Pathophysiology of stent thrombosis

In the last 150 years, the pathophysiology and risk factors of thrombotic events have been widely described [24]. Differently from venous thrombosis, arterial thrombosis has been described as rather associated with vessel wall injury and a hypercoagulatory state [25]. However, considering their common pathophysiological features, thrombotic disorders have been also proposed as two potential elements underlying symptomatic atherosclerosis [26, 27]. Given these general considerations, we can easily understand that the placement of a stent in a coronary artery might favour the formation of a thrombus within the stent lumen. Blood cells (such as platelets, white blood cells and red blood cells) and coagulation factors are the major players contributing to the thrombus formation [28]. Both mononuclear and polymorphonuclear white blood cells might be attracted early within the thrombus by fibrin and its degradation products [29]. After this first phase, the local production of cytokines and chemokines might further favour the accumulation of inflammatory and vascular smooth muscle cells (VSMCs) [29]. However, the pathophysiological role of these soluble mediators has not been clarified yet. Interestingly, Cook and co-workers, performing a histopathological analysis of human coronary stent thrombus, also detected relevant infiltrates of eosinophils [30]. These cells might particularly contribute to the natural evolution and remodelling of the thrombus via the release of proteolytic products [31]. Major cellular components of stent thrombus have been summarised in figure 1 [29, 32, 33].

fullscreen
Figure 1
In-stent thrombosis: stent thrombosis is a rare but serious complication, often resulting in acute ischaemic events in downstream tissues and patient death. It is caused by atherothrombotic processes within the lumen of the stent with the subsequent acute occlusion of the vessel. The thrombus is a heterogeneous tissue, which includes platelets, platelet aggregates, inflammatory cells (eosinophils, neutrophils, macrophages), entrapped red blood cells (RBC) and necrotic parts of the ruptured atherosclerotic plaques.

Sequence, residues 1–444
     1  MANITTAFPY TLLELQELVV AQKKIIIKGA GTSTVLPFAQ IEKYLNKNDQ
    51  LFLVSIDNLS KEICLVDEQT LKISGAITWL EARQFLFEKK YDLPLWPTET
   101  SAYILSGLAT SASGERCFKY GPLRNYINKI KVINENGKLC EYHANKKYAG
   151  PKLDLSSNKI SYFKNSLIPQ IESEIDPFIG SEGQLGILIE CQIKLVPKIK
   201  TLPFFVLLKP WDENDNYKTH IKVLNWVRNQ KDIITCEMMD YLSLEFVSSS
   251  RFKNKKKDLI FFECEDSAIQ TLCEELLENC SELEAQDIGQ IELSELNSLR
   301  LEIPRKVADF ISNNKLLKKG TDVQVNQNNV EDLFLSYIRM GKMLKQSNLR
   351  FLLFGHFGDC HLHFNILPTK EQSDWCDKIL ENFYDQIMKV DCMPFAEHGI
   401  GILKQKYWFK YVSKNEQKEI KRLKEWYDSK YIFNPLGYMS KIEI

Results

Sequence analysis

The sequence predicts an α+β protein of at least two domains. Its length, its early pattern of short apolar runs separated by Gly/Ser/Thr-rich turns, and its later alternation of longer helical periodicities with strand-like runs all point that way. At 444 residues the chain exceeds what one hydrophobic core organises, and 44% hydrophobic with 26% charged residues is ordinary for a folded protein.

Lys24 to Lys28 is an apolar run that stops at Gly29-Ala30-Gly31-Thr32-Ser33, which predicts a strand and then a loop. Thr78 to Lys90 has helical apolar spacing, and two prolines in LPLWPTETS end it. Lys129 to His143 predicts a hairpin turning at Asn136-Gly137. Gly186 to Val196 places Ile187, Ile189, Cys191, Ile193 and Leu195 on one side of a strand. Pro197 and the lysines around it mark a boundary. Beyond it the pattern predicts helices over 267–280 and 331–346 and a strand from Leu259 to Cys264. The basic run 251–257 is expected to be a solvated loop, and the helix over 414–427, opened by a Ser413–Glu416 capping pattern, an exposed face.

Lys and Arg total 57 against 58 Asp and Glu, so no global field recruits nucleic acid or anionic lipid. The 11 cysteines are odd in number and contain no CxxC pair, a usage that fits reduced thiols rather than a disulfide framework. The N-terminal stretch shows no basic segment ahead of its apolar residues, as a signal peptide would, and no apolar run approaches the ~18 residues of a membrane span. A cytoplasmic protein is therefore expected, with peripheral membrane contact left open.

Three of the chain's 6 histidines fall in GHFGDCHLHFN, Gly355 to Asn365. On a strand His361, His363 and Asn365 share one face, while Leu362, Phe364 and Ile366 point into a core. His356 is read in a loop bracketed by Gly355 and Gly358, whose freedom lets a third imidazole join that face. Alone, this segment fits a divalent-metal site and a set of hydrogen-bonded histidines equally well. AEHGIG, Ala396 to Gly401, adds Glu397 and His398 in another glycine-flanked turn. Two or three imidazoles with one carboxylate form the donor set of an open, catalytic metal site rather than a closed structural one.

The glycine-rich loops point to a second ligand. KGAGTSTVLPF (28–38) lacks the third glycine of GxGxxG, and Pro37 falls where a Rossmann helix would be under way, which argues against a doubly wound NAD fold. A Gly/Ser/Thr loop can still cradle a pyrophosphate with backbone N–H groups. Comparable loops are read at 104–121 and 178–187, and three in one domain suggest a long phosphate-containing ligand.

Four determinants favouring stent thrombosis have been identified and classified: device-related factors, procedure-related factors, patient-related factors and lesion-related factors [34, 35].

Device-related risk is stems from the predisposition of the stent material to thrombogenicity. In fact, several determinants (such as stent geometry, coating strut thickness, polymer which houses the drug and cell-cycle inhibiting drugs) might influence thrombotic events. In a model of stents deployed in rabbit denuded iliac arteries, stent configuration and material were shown to influence the thrombosis incidence [36]. In this study, the change of stent configuration to reduce strut-strut intersections by 29% without affecting mass or surface area, reduced thrombosis by 69%. Moreover, coating the stainless steel surface with an inert polymer material also reduced thrombotic events. More recently, Gurbel and co-workers showed that stent design could be related to platelet activation in patients [37]. They observed that platelet activation was greater during the 30 days following implantation of an open-cell than a closed-cell stent, due potentially to the different stent scaffolding properties.

Stent coating is also considered as a pro-thrombotic determinant [38, 39]. Indeed, DES have been shown to cause both systemic and “intrastent” hypersensitivity reactions that are related to late stent thrombosis and death [40]. DES restenosis is associated with a larger amount of old and fibrinoid thrombus compared with BMS, probably due to the delayed tissue healing induced by the drug [41, 42]. Indeed, up to 2 years after percutaneous coronary intervention (PCI), an incomplete re-endothelialisation and thrombus were more frequently observed at angioscopy in DES than in BMS [43]. Although a recent meta-analysis did not show a significant difference in stent thrombosis between BMS and DES in the earliest phases after the implantation [23], other studies suggest higher “global” rates for DES [44–46]. The increased thrombogenicity of DES seems to be correlated with altered vascular healing manifested by incomplete and delayed stent re-endothelisation and persistent fibrin deposition [45]. Thus, the use of DES might even prolong the window of vulnerability to stent thrombosis. In a recent study, Kolandaivelu and co-workers investigated the inherent thrombogenicity of bare and polymer/drug-coated stents, using an integrated approach incorporating ex vivo and in vivo insights. They showed that early clotting is reduced by polymer/drug coatings, suggesting a potential thrombogenic effect of these devices [47].